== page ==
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Ben gets the OK: board approves K-9 unit

By Courtney Llewellyn

Reminder Assistant Editor

WILBRAHAM Three weeks after the proposal was first brought before the Board of Selectmen, a decision has been made as to the fate of Ben, the yellow Labrador retriever trained in single scent detection.

For the second week in a row, the meeting room at Town Hall was packed full of people interested in the select board's decision.

Ben will be joining the Wilbraham Police Department in a brand new K-9 unit, "hopefully by Jan. 1," according to Capt. Raymond Kallaugher, the officer who brought the original proposal before the selectmen.

At the Nov. 13 meeting, Kallaugher presented a detailed proposal to Selectmen James Thompson, David Barry and Patrick Brady. He returned Nov. 19 to answer questions posed by the board at the first meeting.

Overtime and budgetary concerns were the main items addressed at the second hearing.

"I spoke to several towns with K-9 units and they're run similarly to the way we plan to run ours," Kallaugher said. The towns included others in Western Massachusetts and Connecticut similar in size to Wilbraham. Their K-9 units averaged two overtime callouts a month.

Southwick had 26 calls in 2005 and 25 calls in 2006, Kallaugher reported. At two callouts a month for an average of three hours each, the yearly overtime money spent would equal about $2,000 at an overtime rate of $35 per hour.

Town Administrator Robert Weitz told the Board of Selectmen he spoke to the town administrator from Dracut, Mass., the other town in Massachusetts with a similar dog. "They said it's had very little impact on their overtime budget," Weitz said. "They're very happy with their dog."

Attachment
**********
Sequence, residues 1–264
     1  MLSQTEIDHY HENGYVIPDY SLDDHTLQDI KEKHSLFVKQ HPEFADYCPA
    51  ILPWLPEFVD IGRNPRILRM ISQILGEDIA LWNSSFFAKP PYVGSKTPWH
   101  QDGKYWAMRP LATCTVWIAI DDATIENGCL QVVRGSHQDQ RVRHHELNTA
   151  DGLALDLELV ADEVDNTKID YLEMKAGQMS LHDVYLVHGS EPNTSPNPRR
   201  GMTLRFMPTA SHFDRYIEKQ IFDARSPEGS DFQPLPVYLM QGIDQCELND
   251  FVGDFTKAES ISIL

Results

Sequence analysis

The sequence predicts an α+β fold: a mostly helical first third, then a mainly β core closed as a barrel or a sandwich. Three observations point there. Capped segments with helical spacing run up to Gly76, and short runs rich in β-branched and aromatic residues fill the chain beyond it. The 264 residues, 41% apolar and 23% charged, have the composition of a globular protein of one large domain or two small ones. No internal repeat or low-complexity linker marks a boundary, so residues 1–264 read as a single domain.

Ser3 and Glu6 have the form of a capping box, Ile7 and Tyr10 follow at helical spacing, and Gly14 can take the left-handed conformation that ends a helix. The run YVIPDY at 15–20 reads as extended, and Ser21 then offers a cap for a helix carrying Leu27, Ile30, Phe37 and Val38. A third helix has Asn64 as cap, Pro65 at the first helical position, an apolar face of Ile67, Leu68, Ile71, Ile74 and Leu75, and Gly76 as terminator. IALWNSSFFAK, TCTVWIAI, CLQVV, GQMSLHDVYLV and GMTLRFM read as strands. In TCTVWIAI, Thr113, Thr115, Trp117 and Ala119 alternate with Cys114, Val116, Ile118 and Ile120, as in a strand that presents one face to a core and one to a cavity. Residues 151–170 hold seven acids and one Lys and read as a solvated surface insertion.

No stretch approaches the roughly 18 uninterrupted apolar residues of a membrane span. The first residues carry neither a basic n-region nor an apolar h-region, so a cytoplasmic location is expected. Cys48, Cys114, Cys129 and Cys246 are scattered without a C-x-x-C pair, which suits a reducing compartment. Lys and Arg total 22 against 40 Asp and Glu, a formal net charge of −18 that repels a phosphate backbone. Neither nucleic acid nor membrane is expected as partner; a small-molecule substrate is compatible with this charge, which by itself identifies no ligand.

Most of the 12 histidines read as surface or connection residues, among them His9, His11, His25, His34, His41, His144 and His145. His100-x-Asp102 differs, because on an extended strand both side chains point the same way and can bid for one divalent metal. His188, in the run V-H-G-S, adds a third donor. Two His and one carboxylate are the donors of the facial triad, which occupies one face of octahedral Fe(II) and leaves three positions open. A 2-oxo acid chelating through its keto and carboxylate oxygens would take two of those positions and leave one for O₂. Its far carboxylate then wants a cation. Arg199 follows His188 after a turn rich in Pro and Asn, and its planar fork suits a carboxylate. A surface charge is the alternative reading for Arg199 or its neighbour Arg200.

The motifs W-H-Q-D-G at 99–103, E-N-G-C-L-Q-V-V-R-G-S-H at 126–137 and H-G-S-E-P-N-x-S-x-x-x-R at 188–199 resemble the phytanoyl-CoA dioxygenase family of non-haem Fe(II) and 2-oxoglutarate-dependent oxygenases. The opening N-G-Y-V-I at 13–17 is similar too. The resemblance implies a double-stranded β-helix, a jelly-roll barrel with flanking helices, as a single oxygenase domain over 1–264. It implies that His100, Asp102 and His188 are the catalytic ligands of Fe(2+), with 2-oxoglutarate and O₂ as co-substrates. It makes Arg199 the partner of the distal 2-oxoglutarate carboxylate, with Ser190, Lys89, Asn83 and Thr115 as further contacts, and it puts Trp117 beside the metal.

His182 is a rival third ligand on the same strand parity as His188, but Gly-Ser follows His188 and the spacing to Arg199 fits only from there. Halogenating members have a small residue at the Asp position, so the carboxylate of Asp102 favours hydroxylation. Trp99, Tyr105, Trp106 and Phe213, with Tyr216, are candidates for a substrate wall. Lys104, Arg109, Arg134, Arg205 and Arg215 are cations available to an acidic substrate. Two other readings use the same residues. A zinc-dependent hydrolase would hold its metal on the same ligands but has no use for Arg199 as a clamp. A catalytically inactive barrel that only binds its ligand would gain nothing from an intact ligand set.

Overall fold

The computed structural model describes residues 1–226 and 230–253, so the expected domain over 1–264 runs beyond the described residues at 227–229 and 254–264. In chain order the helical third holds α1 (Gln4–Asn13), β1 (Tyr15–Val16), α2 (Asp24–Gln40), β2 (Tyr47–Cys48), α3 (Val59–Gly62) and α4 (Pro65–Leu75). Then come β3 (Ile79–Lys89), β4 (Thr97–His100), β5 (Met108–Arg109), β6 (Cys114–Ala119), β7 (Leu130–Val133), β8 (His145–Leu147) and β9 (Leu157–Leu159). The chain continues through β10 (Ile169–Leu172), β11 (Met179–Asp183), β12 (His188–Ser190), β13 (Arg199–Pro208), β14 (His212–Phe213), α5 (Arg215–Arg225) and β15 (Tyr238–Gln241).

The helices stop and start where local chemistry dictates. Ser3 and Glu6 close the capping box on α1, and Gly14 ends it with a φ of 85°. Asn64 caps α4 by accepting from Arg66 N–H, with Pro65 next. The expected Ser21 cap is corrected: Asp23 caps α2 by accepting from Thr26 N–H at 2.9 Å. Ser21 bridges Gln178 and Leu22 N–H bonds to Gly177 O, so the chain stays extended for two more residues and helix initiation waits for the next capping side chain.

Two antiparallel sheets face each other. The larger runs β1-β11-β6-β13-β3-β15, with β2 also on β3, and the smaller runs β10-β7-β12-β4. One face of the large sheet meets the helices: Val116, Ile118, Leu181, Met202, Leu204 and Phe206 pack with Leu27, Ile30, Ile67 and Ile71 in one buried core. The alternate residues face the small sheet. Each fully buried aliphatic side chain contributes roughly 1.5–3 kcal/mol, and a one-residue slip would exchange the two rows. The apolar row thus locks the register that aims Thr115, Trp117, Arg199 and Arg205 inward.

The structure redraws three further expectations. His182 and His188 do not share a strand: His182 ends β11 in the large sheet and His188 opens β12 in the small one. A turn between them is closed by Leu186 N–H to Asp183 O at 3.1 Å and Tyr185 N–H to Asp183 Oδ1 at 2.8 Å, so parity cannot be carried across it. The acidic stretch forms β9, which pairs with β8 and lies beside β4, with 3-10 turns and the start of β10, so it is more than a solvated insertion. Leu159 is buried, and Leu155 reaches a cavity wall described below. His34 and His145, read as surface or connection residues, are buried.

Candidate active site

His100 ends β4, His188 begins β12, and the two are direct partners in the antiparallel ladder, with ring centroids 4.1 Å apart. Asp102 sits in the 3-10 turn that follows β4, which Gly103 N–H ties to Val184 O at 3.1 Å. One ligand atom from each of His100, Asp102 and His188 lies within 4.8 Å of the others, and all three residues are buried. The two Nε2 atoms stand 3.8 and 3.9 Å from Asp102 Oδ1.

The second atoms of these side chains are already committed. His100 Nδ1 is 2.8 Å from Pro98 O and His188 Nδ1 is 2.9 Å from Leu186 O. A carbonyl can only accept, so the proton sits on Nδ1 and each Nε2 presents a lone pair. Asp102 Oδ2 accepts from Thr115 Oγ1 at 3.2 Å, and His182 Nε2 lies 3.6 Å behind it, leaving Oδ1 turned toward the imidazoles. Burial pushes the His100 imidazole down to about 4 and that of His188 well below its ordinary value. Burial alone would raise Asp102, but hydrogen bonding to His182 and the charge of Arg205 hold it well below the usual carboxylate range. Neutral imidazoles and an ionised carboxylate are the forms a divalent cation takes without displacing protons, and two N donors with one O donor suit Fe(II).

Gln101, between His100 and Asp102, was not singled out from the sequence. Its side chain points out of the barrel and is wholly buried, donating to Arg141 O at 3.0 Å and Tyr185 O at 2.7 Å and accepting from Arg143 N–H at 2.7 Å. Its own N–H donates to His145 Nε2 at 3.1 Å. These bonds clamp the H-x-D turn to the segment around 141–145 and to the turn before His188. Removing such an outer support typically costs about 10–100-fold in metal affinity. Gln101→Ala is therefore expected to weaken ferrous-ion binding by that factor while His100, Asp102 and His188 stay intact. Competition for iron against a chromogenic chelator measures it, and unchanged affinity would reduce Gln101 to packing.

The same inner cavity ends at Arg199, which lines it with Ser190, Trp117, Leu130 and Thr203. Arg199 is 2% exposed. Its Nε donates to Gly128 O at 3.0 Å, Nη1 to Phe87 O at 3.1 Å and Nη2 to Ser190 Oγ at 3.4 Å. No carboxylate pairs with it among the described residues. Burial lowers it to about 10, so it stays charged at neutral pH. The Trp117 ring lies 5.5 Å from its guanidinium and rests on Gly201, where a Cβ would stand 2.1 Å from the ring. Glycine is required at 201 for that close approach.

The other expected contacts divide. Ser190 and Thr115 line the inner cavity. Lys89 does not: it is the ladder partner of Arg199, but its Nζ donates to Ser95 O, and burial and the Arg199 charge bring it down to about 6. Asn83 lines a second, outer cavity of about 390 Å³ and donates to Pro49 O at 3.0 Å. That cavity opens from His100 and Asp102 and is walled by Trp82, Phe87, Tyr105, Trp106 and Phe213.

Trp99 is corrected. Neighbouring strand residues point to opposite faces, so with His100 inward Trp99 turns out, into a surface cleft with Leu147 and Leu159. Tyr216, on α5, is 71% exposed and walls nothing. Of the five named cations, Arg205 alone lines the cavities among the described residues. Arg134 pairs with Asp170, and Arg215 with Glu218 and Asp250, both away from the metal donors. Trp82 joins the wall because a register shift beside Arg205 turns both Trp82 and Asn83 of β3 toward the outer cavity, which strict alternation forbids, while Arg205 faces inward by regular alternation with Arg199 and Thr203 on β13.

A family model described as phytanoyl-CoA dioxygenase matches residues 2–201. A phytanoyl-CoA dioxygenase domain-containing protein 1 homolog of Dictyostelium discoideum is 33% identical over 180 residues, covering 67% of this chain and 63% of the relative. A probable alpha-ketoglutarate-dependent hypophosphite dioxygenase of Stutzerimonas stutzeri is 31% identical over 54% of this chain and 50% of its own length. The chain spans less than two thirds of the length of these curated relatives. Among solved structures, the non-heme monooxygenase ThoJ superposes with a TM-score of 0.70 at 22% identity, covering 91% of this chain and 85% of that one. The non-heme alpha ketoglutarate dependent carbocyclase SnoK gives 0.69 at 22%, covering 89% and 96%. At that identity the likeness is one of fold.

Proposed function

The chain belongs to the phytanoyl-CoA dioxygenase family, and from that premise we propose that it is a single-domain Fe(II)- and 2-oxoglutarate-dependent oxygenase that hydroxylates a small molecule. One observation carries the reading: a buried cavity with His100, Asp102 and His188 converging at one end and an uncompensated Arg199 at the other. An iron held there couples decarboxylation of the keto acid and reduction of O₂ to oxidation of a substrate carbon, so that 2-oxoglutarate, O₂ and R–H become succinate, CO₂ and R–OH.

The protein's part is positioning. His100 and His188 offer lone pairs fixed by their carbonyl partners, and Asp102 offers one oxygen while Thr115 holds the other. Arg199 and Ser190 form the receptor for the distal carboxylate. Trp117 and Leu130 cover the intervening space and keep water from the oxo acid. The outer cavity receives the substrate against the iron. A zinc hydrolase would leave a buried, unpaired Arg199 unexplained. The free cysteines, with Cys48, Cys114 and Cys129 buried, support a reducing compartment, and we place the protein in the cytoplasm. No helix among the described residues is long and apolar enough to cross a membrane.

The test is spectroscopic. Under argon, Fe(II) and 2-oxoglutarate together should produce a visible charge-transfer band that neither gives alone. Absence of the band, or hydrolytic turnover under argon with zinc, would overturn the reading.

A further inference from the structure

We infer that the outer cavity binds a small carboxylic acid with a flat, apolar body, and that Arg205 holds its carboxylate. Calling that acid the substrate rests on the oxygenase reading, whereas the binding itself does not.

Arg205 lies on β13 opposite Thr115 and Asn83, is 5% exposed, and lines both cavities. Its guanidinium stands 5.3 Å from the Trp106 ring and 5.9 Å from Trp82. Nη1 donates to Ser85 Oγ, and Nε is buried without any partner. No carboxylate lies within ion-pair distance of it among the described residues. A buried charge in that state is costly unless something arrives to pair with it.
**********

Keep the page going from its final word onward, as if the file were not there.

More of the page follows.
The 3.5 hours of feeding and grooming the dog officer would use every week could be translated to compensatory time off, according to Police Chief Allen Stratton.

Three separate options were listed when it came to overtime cost projections. The dog officer could accept cash only (a total of approximately $8,890 a year, or 13 percent of the overtime budget), half cash and half compensatory time (a total of $4,445, or 6.5 percent of the overtime budget) or compensatory time only.

The issue of funding the K-9 unit for a length of time was also discussed. The dog, its training and a scent collection unit were all donated by Wilbraham Masonic Lodge. Veterinary care for the life of the dog was donated by Eastfield Hospital for Animals. The Junior Women's Club will donate food for the working life of the dog. The Scantic Valley YMCA has donated $1,200 for the cross-training of the dog in narcotics detection. UNICO has offered to donate $1,000 annually to fund the K-9 unit.

Without all the donations, the start up cost of the unit would total more than $20,000. With, the start up cost is $4,689, which covers the conversion of an existing police squad car into a K-9 friendly vehicle, the yearly insurance on that vehicle and a kennel. Recurring fees would total approximately $1,250 for recertification, cleaning supplies and toys.

John Wilkinson Sr., a town resident, mentioned once the dog is trained in narcotics detection the confiscation will help bring in revenue for the K-9 unit.

Residents, the Board of Selectmen and the police department are thinking ahead to the future of the K-9 unit already.

"We're not signing a lifetime agreement with this," Barry said.

"We're prepared to close the program if it can't be funded," Stratton added.

Thompson compared the program to a certain preventative measure. "Companies spend hundreds of thousands of dollars on sprinklers hoping they never go off," he said. The dog could save thousands of dollars and many man hours if a child or senior citizen is reported missing or a criminal is on the run and needs to be found.

"Canine services when needed are invaluable," Stratton said.

The motion to accept the dog and develop a K-9 unit passed by a vote of 2 - 1. The motion to establish a gift fund to pay for recurring expenses, overtime policy approval and the sending of an official thank you letter to the Masons were approved as well.

"We're really excited," Kallaugher told Reminder Publications. "This is really going to allow the department to take a leap forward in service and really increase our efficiency."